THE BLOG
09/22/2010 02:22 pm ET Updated May 25, 2011

Memo to Daily Beast's Peter Beinart: Sarah Palin is No George McGovern

Over at the Daily Beast, Peter Beinart is usually on the mark, but his latest missive--Palin is the New McGovern--not only misses the boat, but unfairly trots out one of the most skewed historical comparisons.

Beinart should know better: The McGovern tag on every electoral insurgency needs to be retired.

Sarah Palin ain't no George McGovern.

Not only is it a cheap shot to compare the career of a decorated World War II bomber pilot, historian, hugely admired and effective US Senator and JFK's Food for Peace director with Palin, but it's completely misleading to make any parallels between Palin's dalliance with the fleeting Tea Party movement and the complexities of McGovern's loss to President Richard Nixon in 1972.

The Democrats didn't simply lose because of McGovern's anti-war campaign; a huge variety of factors account for the Democrat's loss that year.

More importantly, as long-time Washington Post observer David Broder noted in 2007, McGovern's party reforms in 1972 not only gave birth to a new generation of activists and political leaders, but ultimately saved the Democratic Party from complete irrelevancy:

But that campaign has had long-term consequences. As evidenced by the turnout for this reunion, McGovern's race attracted and trained a generation of young people who are the heart and soul of the Democratic Party today.

Youthful rebels then, gray-haired now, they still embody the two forces that define the Democratic Party -- an insistence on openness and reform and a commitment to peace. As Bill Clinton, one of thousands who got his first national experience as a McGovern volunteer, put it in his message to the gathering, they are all "McGovern's heirs."

Gary Hart, who was McGovern's campaign manager, made the bold statement that McGovern had "saved the Democratic Party" by forcing open the doors of a closed system and allowing all those outsiders -- the anti-Vietnam War amateurs -- to come in.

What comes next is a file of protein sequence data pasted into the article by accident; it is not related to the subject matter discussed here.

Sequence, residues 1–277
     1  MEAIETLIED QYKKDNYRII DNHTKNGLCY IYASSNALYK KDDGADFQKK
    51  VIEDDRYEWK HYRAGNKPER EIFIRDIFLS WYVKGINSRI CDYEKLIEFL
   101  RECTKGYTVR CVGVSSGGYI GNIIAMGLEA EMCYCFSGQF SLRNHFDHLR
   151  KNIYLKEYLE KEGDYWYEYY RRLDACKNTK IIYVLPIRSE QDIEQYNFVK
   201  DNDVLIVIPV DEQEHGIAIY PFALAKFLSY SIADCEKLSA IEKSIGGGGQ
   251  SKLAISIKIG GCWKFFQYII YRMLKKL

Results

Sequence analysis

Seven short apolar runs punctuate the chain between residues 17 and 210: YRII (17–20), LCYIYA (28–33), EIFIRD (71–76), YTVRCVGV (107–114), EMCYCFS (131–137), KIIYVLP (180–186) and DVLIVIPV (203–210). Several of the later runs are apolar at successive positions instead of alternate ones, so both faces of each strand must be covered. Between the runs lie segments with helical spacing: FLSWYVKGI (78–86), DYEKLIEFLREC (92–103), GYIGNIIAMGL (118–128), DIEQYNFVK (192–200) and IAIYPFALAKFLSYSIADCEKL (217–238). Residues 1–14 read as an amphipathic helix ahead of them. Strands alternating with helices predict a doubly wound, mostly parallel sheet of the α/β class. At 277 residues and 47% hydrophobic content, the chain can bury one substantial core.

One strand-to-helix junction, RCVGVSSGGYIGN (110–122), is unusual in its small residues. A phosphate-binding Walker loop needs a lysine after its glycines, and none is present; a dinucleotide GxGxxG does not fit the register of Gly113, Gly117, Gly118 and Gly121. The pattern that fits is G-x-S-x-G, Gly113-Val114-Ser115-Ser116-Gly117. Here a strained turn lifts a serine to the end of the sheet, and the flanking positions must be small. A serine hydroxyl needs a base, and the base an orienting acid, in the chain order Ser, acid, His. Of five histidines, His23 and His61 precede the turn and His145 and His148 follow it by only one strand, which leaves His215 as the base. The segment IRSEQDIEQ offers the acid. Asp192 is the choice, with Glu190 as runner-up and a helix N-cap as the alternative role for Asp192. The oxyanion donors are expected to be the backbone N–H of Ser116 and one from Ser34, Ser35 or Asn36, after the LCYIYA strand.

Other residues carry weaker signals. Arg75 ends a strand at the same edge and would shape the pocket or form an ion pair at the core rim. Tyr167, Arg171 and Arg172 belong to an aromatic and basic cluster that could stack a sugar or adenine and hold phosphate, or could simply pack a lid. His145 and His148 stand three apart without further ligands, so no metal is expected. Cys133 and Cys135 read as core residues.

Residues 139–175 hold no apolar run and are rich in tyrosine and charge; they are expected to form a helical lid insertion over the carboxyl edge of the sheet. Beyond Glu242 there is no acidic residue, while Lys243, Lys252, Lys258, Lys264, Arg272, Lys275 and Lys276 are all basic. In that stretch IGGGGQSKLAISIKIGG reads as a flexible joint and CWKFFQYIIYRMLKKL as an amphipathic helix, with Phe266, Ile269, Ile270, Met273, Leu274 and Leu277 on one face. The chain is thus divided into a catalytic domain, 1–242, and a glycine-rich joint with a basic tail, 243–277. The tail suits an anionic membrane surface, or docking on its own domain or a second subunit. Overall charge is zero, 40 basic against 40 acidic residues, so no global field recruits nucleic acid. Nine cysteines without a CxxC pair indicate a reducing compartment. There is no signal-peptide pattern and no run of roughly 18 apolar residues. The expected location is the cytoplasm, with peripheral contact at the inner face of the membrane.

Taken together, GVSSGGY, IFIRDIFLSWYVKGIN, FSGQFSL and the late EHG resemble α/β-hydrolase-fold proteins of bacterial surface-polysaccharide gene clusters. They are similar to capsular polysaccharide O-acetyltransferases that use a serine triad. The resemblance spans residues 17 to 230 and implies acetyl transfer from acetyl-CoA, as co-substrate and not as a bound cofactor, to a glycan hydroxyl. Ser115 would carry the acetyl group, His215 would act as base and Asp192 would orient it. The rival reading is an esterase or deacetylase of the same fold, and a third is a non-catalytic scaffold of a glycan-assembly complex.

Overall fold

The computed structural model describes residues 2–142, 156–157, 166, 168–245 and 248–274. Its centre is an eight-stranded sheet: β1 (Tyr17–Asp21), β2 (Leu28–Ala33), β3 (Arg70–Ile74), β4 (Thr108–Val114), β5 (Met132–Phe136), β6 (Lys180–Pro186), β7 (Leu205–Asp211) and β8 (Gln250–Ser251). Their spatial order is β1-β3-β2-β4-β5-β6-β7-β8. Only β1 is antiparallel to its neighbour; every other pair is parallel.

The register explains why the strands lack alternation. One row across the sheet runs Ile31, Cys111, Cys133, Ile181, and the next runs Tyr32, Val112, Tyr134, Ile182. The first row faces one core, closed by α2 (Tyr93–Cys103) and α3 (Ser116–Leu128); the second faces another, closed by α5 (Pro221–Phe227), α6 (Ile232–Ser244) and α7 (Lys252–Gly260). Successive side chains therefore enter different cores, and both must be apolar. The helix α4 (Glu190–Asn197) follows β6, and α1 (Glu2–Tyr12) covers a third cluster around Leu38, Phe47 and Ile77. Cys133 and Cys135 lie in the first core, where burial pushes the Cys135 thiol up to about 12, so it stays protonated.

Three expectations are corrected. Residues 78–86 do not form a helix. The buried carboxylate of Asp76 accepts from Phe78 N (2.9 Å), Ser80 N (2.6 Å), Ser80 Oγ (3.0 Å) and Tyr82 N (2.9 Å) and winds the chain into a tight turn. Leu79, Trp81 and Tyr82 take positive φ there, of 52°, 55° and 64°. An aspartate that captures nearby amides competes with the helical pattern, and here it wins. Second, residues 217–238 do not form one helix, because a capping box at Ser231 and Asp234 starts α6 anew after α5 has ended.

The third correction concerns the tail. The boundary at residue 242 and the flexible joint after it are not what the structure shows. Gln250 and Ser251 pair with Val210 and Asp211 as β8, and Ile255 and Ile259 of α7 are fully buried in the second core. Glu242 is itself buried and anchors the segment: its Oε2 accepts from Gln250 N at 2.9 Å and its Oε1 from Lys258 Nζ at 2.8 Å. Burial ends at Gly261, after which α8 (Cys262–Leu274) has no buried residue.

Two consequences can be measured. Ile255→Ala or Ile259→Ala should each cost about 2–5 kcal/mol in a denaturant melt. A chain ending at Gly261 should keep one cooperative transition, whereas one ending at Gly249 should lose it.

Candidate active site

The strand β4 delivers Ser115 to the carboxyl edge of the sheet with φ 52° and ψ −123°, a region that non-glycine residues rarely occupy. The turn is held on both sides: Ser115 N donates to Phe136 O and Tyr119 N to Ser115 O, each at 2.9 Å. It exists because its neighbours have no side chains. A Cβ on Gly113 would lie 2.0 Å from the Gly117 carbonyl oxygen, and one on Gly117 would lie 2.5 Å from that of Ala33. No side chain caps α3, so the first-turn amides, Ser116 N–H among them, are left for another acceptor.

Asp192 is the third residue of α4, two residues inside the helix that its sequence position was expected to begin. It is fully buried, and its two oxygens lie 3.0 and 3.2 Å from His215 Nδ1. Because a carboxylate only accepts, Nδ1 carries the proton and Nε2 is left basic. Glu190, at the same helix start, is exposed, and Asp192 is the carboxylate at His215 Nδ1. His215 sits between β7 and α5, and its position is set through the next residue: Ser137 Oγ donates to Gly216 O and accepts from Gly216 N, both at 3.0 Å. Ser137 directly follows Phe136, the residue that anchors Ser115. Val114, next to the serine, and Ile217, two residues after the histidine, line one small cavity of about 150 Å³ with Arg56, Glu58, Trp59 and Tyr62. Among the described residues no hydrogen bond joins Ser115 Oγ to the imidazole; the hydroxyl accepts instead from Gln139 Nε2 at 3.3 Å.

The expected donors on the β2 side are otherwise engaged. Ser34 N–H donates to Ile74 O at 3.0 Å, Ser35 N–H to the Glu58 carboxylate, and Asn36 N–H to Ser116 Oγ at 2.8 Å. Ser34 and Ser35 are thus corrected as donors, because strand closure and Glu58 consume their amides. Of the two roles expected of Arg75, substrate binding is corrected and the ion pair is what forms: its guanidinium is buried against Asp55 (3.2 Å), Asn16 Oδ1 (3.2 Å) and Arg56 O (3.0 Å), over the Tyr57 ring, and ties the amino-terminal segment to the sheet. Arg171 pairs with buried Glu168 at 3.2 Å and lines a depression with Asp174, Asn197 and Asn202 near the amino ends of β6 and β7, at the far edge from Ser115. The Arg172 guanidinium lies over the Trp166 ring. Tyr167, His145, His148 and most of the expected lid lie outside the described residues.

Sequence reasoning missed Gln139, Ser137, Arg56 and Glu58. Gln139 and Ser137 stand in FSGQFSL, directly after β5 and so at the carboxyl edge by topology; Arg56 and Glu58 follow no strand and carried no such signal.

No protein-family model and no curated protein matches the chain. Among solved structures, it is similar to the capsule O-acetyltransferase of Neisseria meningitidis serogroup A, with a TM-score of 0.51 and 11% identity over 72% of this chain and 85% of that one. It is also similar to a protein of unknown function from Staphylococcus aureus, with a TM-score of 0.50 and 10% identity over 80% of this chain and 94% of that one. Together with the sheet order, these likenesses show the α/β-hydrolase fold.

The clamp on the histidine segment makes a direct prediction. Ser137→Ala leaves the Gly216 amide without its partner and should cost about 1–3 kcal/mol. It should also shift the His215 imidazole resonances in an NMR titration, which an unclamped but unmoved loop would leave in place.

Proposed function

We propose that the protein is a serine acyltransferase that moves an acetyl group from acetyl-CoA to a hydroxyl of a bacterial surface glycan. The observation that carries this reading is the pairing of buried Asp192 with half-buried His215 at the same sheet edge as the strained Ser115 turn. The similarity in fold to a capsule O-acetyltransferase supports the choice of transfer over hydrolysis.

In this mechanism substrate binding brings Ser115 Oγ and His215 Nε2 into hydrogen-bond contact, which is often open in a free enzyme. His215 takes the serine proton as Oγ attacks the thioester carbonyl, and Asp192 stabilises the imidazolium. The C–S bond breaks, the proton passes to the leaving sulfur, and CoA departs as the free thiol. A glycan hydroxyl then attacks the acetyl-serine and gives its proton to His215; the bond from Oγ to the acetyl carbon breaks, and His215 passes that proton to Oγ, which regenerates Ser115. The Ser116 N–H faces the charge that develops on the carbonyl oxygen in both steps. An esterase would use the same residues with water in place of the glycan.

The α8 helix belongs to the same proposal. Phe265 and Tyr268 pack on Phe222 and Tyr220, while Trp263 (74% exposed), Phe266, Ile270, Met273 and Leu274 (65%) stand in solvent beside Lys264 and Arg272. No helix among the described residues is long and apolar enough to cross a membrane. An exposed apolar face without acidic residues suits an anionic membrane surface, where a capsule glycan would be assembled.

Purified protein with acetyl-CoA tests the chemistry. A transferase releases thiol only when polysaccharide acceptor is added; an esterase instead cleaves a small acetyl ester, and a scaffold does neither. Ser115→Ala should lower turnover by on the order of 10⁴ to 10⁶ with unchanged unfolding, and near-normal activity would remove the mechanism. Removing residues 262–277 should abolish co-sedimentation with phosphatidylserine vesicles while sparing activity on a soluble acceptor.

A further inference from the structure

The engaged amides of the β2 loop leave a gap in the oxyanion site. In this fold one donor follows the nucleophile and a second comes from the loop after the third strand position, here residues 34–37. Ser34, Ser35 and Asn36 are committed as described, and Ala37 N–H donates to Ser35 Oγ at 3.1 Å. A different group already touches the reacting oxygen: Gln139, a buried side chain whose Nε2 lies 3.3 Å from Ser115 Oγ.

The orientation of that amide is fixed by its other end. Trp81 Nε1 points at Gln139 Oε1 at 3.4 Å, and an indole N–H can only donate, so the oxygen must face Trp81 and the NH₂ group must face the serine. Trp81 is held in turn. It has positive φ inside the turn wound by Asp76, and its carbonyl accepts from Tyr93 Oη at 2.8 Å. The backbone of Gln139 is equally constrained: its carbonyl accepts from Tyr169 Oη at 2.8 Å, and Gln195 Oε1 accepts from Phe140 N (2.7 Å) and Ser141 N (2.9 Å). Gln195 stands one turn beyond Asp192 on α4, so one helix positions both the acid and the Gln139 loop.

At the time, it certainly didn't look like salvation to party leaders, who saw the Democrats losing seat after seat in the McGovern debacle. But the energy and talent McGovern enlisted have proved to be the party's salvation. Without the reforms McGovern forced onto a reluctant Democratic establishment -- including guaranteed representation for women and minorities in the convention hall -- it is impossible to imagine that this year, the leading candidates for the Democratic presidential nomination would be Hillary Rodham Clinton and Barack Obama.

Boston Globe columnist James Carroll took McGovern's vindicated legacy one step further in his column in 2004: But George McGovern Was Right:

Here's the problem: In 1972, McGovern was right. If there is shame attached to that election, it is America's for having so dramatically elected the wrong man. Apart from the rank dishonesty of Richard Nixon and his administration (a pattern of lies that would be exposed in Watergate), there were two world-historic issues that defined that election, and on both Nixon was wrong. 1972 was a fork in the road, and history shows that the United States made a turn into a moral wilderness from which it has yet to emerge...

McGovern was an opponent of the "we/they" vision. A prophet of detente, he has since been vindicated by history. He offered America a way out of the trap that opposes "realist" and "idealist" perspectives. McGovern understood not only that the Vietnam War was wrong but that in the nuclear age, the realist is the one who sees that the structures of war itself must be systematically dismantled. One hears the complaint from today's Democrats that McGovern, a decorated World War II bomber pilot, did not tout his war hero's record, but that entirely misses his most important point -- that fear of war and glorification of war are simply not to be exploited for political purposes, whether at the personal level or the national. What McGovern the candidate refused to do is what American presidents should refuse to do.

What will be Sarah Palin's legacy?

Perhaps Beinart can be excused; he was in diapers when McGovern was nominated in 1972.
But he is too smart to draw such a narrow historical analysis between a right-wing charlatan and a dedicated public official who has served as the conscience of the Democratic Party.